The big bash was on the other side of the lagoon, in Tiger country. There, villages were decorated with buntings and palm leaves, yet the Tamil songs crackling over the loudspeakers sounded like dirges. They were. "Prabakharan prefers that we celebrate this not as his birthday but as martyr's day, when one of his wounded comrades died with his head in our leader's lap," explained one young Tiger, sharp and clean as a boy scout. He carried an AK-47, but he looked like a boy who would help an old lady carry her firewood, not like a child-soldier capable of butchering sleeping mothers and babies.

A group of us were taken to a schoolhouse to meet a Tiger deputy commander, Karikalan. In his mid-thirties, he was a warrior turned ruthless bureaucrat, whose array of pens in his breastpocket seemed more dangerous than his pistol. He grinned - giggled, actually - only once. That was when asked if the president was on the Tigers' death list. He replied: "Our leader says that anyone who causes the death of Tamils in large numbers must be eliminated."

The Tiger commander denied government reports that Prabakharan had fled to India. Prabakharan is said to be a shy man. He is seen only by his bodyguards, his deputies and Black Tigers. The suicide assassins are given a last supper by Prabakharan before their fatal mission. "Prabakharan is not a runaway leader. He's there in Jaffna telling the cadres what to do. He's prepared to shed his life for the cause," the commander said.

Commander Karikalan said the Tigers would never accept the government's ceasefire offer, which comes attached to a devolution package giving the Tamils considerable autonomy over the north and eastern provinces. "The LTTE will never agree to a deal offered at the point of a gun, as long as the army occupies Jaffna," he said.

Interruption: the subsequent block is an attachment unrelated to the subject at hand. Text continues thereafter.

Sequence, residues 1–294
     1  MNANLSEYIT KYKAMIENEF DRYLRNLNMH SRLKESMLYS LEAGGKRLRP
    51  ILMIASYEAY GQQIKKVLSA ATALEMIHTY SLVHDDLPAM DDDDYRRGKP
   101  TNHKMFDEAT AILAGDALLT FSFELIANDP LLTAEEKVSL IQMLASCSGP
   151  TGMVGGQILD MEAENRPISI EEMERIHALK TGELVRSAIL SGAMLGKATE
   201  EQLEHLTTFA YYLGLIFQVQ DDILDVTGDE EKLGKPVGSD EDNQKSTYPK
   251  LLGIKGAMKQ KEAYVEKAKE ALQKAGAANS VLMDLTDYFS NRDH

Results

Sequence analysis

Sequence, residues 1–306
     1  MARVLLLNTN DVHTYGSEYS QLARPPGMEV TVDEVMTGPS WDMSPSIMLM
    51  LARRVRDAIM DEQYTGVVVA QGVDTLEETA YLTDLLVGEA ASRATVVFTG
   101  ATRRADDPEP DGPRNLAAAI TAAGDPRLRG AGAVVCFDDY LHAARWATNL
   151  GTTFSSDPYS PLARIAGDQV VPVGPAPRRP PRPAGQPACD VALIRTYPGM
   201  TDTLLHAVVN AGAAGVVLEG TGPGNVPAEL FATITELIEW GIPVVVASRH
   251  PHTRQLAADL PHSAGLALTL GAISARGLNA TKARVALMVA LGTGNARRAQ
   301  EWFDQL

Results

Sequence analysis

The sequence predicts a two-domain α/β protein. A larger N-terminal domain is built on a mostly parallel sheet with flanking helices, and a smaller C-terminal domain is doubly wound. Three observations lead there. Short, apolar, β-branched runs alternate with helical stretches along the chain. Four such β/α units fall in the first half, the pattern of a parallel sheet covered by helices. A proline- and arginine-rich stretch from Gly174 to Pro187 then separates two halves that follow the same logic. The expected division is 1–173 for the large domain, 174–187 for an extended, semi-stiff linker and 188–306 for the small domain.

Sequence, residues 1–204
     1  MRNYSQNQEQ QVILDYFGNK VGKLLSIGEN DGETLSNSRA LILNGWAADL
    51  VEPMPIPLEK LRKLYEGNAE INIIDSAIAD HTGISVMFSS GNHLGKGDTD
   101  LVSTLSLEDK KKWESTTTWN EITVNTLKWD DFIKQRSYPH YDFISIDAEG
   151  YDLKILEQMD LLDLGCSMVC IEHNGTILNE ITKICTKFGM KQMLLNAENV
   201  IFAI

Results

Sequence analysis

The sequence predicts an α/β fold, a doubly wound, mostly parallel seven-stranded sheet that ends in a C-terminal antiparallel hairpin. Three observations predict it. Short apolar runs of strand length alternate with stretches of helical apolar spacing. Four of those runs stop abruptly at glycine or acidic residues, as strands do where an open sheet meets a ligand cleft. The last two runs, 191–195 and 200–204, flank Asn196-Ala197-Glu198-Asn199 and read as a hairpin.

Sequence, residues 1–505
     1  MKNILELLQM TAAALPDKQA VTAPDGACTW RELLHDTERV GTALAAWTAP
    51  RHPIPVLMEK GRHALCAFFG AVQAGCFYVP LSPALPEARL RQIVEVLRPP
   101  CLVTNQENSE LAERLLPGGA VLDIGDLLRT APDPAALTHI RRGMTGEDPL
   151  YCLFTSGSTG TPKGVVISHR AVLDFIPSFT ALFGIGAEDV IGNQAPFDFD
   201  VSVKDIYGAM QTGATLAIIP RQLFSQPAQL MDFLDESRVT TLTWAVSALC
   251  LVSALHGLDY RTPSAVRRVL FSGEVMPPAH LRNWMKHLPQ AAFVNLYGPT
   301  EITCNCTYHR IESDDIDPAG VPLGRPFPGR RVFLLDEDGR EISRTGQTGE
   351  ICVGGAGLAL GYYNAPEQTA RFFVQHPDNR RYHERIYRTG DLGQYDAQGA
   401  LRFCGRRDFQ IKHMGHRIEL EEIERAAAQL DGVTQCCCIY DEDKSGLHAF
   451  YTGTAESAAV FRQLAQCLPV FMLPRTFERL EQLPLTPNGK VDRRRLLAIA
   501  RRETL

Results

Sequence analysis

A Tamil gave me a ride on the crossbar of his bicycle along a path that led out through rice paddies and salt flats to a lagoon. A small boat ferried us across. Some soldiers challenged us on the other side. "Who did you see? The Tigers?" It seemed best to say no. "How could you not see them?" a sergeant insisted, exasperated. "The place is crawling with them. There are thousands out there." His gesture took in the entire horizon of water and grey marshes. He let us go, and later that night his camp was attacked.

Many Sri Lankans, Sinhalese and Tamils alike, are being led to hope that with the collapse of Jaffna the Tigers will be defeated. The military knows better. "This war will go on for months, maybe years," says one senior officer. The soldier at the ferry landing was right. The Tigers were everywhere.